Cancer Drug Avastin May Be Cheap Solution for Macular Degeneration

VIDEO: Cleveland Clinics Dr. Daniel Martin comments on his study.
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One drug costs $50 per dose. The other costs $2,000 per dose. Now, new research shows that the drug Avastin, normally used in cancer treatment, is just about as effective at treating an eye disease that can lead to blindness as the more commonly used and more expensive Lucentis.

Full publication of results from the head-to-head study of Avastin (bevacizumab) and Lucentis (ranibizumab) in "wet" age-related macular degeneration (AMD) confirmed information previously leaked to the media -- that the two drugs differed little in preserving vision.

Patients receiving monthly doses of Avastin gained 8.0 letters of visual acuity after one year, compared with an 8.5-letter gain for those receiving Lucentis, according to the study, published online ahead of schedule in the New England Journal of Medicine.

The 1,161-patient trial was sponsored by the National Eye Institute and carried out by the Comparison of AMD Treatment Trials (CATT) research group, with Maureen G. Maguire of the University of Pennsylvania in Philadelphia, as corresponding author.

The results have been much anticipated in the ophthalmology community because of the huge cost difference between the two drugs. A dose of Avastin -- used off-label for this purpose, as the drug is currently approved only for cancer indications -- costs about $50 whereas a dose of Ludentis, which is approved for AMD, costs about $2,000.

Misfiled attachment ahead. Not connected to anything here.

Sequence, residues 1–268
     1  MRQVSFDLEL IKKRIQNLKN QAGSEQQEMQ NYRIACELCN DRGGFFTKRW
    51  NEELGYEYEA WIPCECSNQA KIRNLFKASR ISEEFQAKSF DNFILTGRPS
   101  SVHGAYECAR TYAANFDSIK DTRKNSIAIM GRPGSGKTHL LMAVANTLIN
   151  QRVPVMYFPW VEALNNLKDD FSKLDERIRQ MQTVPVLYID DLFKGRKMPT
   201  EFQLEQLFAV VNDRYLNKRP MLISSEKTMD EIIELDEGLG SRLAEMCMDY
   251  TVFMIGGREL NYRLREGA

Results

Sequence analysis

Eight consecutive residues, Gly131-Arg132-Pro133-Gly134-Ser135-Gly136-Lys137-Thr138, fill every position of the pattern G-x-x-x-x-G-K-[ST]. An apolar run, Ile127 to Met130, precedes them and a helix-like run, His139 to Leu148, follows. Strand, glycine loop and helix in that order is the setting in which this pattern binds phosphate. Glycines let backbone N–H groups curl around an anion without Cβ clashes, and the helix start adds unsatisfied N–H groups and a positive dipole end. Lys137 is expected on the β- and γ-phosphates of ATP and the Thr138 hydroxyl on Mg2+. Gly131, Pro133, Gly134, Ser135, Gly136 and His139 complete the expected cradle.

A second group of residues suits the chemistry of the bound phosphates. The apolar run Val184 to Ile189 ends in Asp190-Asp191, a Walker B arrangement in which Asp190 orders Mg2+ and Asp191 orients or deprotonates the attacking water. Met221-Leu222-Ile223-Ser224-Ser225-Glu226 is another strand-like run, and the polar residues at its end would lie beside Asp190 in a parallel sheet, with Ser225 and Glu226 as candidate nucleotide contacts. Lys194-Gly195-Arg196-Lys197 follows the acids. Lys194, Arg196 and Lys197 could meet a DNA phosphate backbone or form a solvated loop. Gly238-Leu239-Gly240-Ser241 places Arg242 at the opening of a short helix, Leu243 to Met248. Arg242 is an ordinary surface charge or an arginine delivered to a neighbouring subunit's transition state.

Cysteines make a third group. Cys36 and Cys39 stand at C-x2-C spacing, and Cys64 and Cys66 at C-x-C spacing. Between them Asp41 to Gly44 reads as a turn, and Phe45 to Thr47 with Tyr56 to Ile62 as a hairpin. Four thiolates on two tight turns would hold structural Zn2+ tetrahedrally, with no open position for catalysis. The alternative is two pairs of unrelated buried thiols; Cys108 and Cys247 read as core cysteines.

Both drugs are made by Genentech, which has been understandably reluctant to fund a head-to-head trial that could undercut the market for the more expensive drug.

Consequently, the National Eye Institute stepped in to fund the CATT study.

The findings were originally to be released in a presentation at the Association for Research in Vision and Ophthalmology (ARVO) meeting this Sunday, with a simultaneous online publication in NEJM. But the New York Times persuaded some anonymous trial investigators to provide top-line results, which the newspaper posted on its website Wednesday.

The NEJM paper by Maguire and colleagues was then hastily published online Thursday morning.

By far the largest difference between the two drugs was in cost. Maguire and colleagues reported that Avastin delivered monthly cost an average of $595 and Lucentis cost $23,400.

If the drugs were taken only as needed, rather than on a monthly basis, the cost dropped for both drugs, but Avastin was still the bargain choice: $385 for the year of treatment compared with $13,800.

Genentech had no immediate comment on the study results.

In an editorial accompanying the NEJM paper, Dr. Philip J. Rosenfeld said the findings would probably not end debate over which drug is most appropriate. Rosenfeld also suggested that Avastin may have "a less durable treatment effect" in at least some patients, such that more frequent dosing may be needed.

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